There are numerous governance and structural tools that can be developed and employed to help create this level of cross-sector change. But, ABOVE all, it takes actually doing them and communicating the outcomes in ways citizens can appreciate things they might not have believed possible before.

        My colleague Harry Boyte has covered Burnsville's success in several books and articles, if you are interest in more.

        On a separate note -- Karina, I re-sent the email. And also sent a note to TED Admin. Did you get it?

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          Oct 25 2011: Andrea,
          No, I didn't get your email. I do know that it is enabled, so it should work fine.

          Do not worry, we'll sort this out one way or another...

          The situation that Amira has placed in front of us so carefully analyzed is extremely complex. I can see several cultural elements that may be deeply ingrained in the social fabric, making it very resistant to change.

          As a participatory researcher, what steps do you think are advisable TO BEGIN WITH?

          The all-out-in-your-face truth already took place; deep political changes shook Egypt early this year.
          Now is time for them to take the pieces and make something better and new. Is not often that we see such an opportunity (here, as of today, we are painstakingly patching up an existing system in hopes of eventually improve it from the inside out) What would be prudent to do first?

          Reaching out to families in small groups and inform/train them in alternative education methods?
          Pulling a group of community members, representative enough of a wide sector of society, and meet with authorities to brainstorm a newly branded system?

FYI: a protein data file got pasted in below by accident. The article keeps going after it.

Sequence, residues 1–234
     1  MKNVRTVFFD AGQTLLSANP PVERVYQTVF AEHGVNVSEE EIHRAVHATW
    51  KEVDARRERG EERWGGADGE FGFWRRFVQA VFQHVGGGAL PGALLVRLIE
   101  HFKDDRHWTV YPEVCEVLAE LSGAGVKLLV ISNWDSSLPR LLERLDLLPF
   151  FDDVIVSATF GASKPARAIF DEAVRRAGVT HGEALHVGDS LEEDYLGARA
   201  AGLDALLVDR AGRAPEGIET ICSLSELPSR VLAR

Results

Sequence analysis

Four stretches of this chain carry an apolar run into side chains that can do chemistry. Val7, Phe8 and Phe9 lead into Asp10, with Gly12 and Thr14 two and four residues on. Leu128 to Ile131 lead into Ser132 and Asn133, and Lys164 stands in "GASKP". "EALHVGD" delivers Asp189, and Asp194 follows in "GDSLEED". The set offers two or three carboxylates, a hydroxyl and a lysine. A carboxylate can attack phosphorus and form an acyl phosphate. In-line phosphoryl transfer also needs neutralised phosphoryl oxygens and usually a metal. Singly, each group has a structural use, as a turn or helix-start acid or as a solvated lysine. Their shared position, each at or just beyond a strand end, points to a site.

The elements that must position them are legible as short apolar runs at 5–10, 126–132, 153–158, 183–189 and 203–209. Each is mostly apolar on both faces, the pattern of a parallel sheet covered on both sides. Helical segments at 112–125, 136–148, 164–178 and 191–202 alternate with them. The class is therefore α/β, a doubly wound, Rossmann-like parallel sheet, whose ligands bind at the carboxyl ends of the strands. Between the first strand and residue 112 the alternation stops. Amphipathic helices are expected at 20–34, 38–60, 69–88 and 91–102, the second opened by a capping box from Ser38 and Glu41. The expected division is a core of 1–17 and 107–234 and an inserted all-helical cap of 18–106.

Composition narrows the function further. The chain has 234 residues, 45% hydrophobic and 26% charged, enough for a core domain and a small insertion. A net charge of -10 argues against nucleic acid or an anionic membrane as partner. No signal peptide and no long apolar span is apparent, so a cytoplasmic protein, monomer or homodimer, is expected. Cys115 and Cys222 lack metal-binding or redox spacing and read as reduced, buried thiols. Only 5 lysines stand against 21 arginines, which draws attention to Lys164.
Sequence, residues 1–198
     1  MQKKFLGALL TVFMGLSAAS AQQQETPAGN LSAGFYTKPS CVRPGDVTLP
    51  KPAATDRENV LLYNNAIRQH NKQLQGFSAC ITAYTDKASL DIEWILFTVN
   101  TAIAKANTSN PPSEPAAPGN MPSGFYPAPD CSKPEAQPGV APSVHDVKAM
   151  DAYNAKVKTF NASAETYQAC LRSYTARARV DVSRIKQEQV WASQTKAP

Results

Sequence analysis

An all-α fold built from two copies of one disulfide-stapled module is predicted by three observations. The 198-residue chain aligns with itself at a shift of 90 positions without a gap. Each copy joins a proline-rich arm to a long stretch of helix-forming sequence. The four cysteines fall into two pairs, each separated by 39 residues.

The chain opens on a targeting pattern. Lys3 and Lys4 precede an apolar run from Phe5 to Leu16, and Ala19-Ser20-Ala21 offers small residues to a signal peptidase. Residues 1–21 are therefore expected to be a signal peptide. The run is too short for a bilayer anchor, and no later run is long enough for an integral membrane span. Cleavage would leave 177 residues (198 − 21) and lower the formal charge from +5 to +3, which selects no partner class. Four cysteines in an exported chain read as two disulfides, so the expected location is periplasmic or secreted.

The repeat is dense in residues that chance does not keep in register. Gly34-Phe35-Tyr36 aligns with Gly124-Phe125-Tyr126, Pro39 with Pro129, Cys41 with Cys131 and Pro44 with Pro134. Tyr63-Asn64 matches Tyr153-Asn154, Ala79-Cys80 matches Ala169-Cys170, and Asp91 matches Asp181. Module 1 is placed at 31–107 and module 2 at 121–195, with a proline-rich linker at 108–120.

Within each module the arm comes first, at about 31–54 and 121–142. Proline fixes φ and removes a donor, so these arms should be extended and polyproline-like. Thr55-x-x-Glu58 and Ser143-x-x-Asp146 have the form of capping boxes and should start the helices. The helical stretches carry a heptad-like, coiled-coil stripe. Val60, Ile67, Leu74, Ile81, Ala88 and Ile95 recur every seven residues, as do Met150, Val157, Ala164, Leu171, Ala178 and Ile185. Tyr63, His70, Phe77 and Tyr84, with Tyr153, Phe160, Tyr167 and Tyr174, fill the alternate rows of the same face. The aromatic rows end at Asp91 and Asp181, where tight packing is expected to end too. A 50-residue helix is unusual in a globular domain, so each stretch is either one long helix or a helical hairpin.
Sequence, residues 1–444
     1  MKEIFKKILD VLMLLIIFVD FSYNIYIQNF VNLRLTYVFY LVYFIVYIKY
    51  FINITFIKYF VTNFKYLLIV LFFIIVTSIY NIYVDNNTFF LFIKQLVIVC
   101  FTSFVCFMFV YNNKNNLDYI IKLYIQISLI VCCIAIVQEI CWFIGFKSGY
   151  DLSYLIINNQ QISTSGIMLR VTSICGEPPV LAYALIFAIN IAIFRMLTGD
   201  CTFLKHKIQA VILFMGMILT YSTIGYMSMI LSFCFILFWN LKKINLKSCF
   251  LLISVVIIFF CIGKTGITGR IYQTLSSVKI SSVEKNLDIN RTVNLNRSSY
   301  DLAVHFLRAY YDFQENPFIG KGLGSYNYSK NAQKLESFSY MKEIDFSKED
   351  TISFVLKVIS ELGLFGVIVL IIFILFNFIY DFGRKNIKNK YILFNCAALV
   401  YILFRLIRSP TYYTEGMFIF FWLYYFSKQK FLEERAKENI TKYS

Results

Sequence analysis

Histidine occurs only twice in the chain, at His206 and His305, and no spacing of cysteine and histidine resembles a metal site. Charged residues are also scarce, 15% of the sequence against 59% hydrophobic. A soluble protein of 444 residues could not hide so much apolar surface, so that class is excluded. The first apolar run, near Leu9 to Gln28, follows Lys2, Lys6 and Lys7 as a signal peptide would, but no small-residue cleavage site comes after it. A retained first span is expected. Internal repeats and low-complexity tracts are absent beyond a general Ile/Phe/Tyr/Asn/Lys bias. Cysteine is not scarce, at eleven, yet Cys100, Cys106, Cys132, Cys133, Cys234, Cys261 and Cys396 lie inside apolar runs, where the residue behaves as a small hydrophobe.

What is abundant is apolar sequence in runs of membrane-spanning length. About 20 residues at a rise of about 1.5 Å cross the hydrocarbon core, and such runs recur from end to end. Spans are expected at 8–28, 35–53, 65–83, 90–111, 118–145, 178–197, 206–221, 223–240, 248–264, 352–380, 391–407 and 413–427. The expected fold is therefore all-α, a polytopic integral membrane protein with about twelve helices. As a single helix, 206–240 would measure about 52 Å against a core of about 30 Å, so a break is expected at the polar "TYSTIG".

Marketing a new vision by creating advertisement? Articles in local publications and radio/TV to saturation point?
          Complementing the existing system with scaffold organizations (evening schools, tutoring, study groups)?
          Associating with outside educational advisors/ organizations in order to get input and trained staff?

          What do you suggest?
        • Oct 25 2011: Thank you for your comments and thoughts.I would be honored if you care to share my ideas with others.
          It is important to see the process of creativity as well as the outcome. I understand the process is an uphill struggle, but we have no option. I really believe that without creative ideas and solutions, we risk self destruction on all levels, spiritual, above all. Stagnation and surrender to what we know rather than what could be is a fatal illness.
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    Oct 23 2011: What are the elements of creativity? What supports and encourages and what limits or undermines creativity?

    How do we culturally support or undermine creativity? What dominate values control our perceptions and feed our myths trumping other less emphasized values sometimes in direct opposition to creativity?

    Where is the discussion which takes these questions deeper to reveal how our perceptions of success and opulence undermine our ability to see we are one species on one planet riding through space. When we focus on our differences, control and greed we create war and destruction. When we focus on being a responsible member of the human family, we show love for our children. For me, creativity must be grounded in a basic understanding and commitment to future generations. The fire-sale codification of earths resources must be stopped and we need to find creative ways to make that a culturally human value of the first order.

    "Creativity" that leads to war, death and destruction needs to be seen in another light.
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      Oct 23 2011: Craig,

      Interesting questions.